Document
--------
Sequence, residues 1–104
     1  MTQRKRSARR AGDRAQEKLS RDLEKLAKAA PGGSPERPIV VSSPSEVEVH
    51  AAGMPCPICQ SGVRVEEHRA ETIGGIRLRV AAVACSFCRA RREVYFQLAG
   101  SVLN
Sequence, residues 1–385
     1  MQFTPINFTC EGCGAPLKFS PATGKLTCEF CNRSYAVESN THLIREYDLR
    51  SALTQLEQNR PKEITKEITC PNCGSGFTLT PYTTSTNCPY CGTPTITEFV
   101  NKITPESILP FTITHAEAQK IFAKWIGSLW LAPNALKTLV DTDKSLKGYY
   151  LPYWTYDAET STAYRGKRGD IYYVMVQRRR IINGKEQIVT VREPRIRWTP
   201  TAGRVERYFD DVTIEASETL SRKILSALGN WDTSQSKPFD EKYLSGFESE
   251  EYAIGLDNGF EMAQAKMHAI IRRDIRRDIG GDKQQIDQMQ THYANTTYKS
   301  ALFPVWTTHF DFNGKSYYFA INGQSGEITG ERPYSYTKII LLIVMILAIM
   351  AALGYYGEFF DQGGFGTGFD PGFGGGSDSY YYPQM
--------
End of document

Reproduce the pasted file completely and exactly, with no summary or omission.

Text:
Sequence, residues 1–104
     1  MTQRKRSARR AGDRAQEKLS RDLEKLAKAA PGGSPERPIV VSSPSEVEVH
    51  AAGMPCPICQ SGVRVEEHRA ETIGGIRLRV AAVACSFCRA RREVYFQLAG
   101  SVLN
Sequence, residues 1–385
     1  MQFTPINFTC EGCGAPLKFS PATGKLTCEF CNRSYAVESN THLIREYDLR
    51  SALTQLEQNR PKEITKEITC PNCGSGFTLT PYTTSTNCPY CGTPTITEFV
   101  NKITPESILP FTITHAEAQK IFAKWIGSLW LAPNALKTLV DTDKSLKGYY
   151  LPYWTYDAET STAYRGKRGD IYYVMVQRRR IINGKEQIVT VREPRIRWTP
   201  TAGRVERYFD DVTIEASETL SRKILSALGN WDTSQSKPFD EKYLSGFESE
   251  EYAIGLDNGF EMAQAKMHAI IRRDIRRDIG GDKQQIDQMQ THYANTTYKS
   301  ALFPVWTTHF DFNGKSYYFA INGQSGEITG ERPYSYTKII LLIVMILAIM
   351  AALGYYGEFF DQGGFGTGFD PGFGGGSDSY YYPQM